“We are not a bunch of criminals, we’re people trying to protect our land”

Elders, land protectors speak out from Her Majesty’s Penitentiary.

Three Inuk Labrador Land Protectors are speaking out from Her Majesty’s Penitentiary, where they are being detained after refusing to promise a supreme court judge Friday in Happy Valley-Goose Bay that they would stay away from the Muskrat Falls site.

Marjorie Flowers, Jim Learning and Eldred Davis all spoke with The Independent Monday from the maximum security men’s prison in St. John’s, where they say they were transported to late Friday evening.

Referred to as “The Labrador Three” by some, the elders and land protectors say they are doing what they feel must be done to stop Muskrat Falls and protect their people and land from destruction many, including experts, have projected will occur, including an increase of methylmercury in fish and other traditional foods and a potential dam breach to do the alleged instability of the North Spur.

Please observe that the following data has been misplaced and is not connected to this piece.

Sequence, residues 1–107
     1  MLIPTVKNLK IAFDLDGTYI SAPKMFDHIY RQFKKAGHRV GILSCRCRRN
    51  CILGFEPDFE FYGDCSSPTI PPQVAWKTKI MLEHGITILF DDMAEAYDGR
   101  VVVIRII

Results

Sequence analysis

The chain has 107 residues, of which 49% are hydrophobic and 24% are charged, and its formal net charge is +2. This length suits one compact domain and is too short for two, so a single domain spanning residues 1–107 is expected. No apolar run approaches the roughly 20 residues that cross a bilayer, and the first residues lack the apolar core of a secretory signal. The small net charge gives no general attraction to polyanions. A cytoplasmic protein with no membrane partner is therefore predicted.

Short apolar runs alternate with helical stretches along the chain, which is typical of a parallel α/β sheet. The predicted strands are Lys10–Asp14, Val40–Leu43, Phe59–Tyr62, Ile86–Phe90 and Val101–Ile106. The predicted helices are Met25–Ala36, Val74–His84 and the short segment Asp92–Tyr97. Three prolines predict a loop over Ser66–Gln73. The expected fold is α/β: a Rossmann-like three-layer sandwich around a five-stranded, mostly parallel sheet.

Learning likened the recent increased RCMP police presence in Labrador to a “declaration of war” on the people of Labrador, while Flowers issued a call to Labrador Land Protectors and Labradorians to “step up to the plate” and follow in their footsteps in terms of being arrested in the effort to stop Muskrat Falls.

“Doing what we really have to do”

Davis, a 66-year-old NunatuKavut Elder, land protector and Grand Riverkeeper who lives in Happy Valley-Goose Bay, told The Independent Monday that in Supreme Court of N.L. on Friday he told the judge “we are not a bunch of criminals, we’re people trying to protect our land,” but that Justice George Murphy “didn’t buy it and said I would have to be detained.”

Davis said he feels land protectors “are doing what we really have to do,” and that stopping Muskrat Falls is “a crucial situation.”

“If this process of building a dam at Muskrat Falls on the Grand River, in the method that they’re doing it now, comes to fruition, we are in great danger downstream,” he explained. “We are 100 percent certain now that the design and reinforcement of the North Spur is inadequate.”

Davis, Learning and Flowers were summonsed to court after allegedly breaking a Nalcor-initiated injunction and recognizances that mandated them to stay more than one kilometre away from the Muskrat Falls site.